CAIRO • Egyptian Boutros Bou- tros-Ghali, who died at age 93, was the only United Nations Secretary-General to be refused a second term when he fell foul of Washington, despite the backing of the 14 other states in the Security Council.
The veteran diplomat, who died in a Cairo hospital, headed the world body between 1992 and 1996, when crises in Somalia, Rwanda, the Middle East and the former Yugoslavia posed challenges for UN peacekeeping operations.
His opponents focused on failings in the UN's approach to peacekeeping, while his supporters highlighted the difficult conditions laid down by major powers like the United States.
Dr Boutros-Ghali himself felt that Washington's veto was to punish him for pushing UN members to pay their membership arrears - an issue on which the US, which pays 25 per cent of the UN budget, had long been a culprit.
Indirectly, he had said the US was arrogant and compared its attitude to that of ancient Rome. "Like in Roman times, they have no diplomacy. You don't need diplomacy if you are so powerful," he said in an interview two days before Washington cast its veto. "How can I fight Goliath?" he asked.
'NO U.S . DIPLOMACY'
Like in Roman times, they have no diplomacy. You don't need diplomacy if you are so powerful... How can I fight Goliath?
DR BOUTROS BOUTROS-GHALI, indirectly accusing the US of arrogance.
Dr Boutros-Ghali was born into a Coptic Christian family in Cairo on Nov 14, 1922, and was educated at Cairo University and in Paris, where he established a lifelong connection with France.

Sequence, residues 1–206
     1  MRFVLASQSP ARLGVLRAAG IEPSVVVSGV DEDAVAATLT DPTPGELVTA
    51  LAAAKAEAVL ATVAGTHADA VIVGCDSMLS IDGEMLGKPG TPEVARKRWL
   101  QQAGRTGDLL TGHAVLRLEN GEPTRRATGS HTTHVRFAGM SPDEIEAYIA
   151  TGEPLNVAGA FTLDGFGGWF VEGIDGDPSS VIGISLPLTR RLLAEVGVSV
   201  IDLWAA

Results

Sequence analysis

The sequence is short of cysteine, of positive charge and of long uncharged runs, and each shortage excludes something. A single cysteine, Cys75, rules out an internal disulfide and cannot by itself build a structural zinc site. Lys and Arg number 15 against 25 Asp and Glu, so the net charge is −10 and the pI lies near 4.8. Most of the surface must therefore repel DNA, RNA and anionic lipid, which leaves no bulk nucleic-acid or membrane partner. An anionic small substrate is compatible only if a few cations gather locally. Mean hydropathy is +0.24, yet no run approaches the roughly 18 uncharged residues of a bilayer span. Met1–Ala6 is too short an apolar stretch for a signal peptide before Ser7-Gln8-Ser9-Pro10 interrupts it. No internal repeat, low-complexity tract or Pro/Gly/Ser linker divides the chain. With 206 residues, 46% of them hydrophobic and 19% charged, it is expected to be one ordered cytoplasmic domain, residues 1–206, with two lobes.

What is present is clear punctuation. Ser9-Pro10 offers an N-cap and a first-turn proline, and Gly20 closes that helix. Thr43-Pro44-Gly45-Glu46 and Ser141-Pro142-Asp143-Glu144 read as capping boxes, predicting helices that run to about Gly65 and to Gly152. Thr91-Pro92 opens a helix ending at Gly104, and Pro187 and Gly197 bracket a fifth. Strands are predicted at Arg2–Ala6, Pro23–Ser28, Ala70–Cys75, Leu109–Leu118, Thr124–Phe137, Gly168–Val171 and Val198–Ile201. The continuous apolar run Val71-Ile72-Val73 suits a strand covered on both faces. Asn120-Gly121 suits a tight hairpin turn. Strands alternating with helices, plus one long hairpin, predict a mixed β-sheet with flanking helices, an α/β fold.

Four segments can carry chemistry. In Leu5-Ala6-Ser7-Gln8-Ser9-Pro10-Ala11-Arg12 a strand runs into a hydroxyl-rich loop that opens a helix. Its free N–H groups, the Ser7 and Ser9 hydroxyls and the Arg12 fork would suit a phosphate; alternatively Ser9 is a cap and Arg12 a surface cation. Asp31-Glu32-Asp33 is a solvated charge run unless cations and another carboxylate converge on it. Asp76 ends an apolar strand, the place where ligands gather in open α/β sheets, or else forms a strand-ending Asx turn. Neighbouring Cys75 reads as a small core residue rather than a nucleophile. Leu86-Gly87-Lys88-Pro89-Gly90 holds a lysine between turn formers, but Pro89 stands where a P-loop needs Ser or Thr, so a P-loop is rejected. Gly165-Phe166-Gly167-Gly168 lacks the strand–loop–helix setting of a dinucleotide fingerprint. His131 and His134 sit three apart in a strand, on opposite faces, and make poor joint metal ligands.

After a university career centred on international relations, he became Egypt's Minister of State for Foreign Affairs in 1977, under President Anwar al-Sadat.
That year, he accompanied Mr Sadat on his historic trip to Jerusalem, which both forged peace between Egypt and Israel and led to Mr Sadat's assassination four years later.
Dr Boutros-Ghali became the UN's sixth Secretary-General and its first from the African continent in 1992.
Things began to go wrong in late 1993, when a US-led operation in Somalia led to casualties among American troops. The operation led to acrimony between the US authorities and the world body.
Further problems emerged during operations in the former Yugoslavia and after the genocidal massacres of 1994 in Rwanda, which the UN failed to halt.
After leaving the UN, Dr Boutros-Ghali served as secretary-general of Organisation internationale de la Francophonie (the community of French-speaking nations). He later became president of the Curatorium Administrative Council of the Hague Academy of International Law. He is survived by his Jewish wife Leia Maria. They have no children.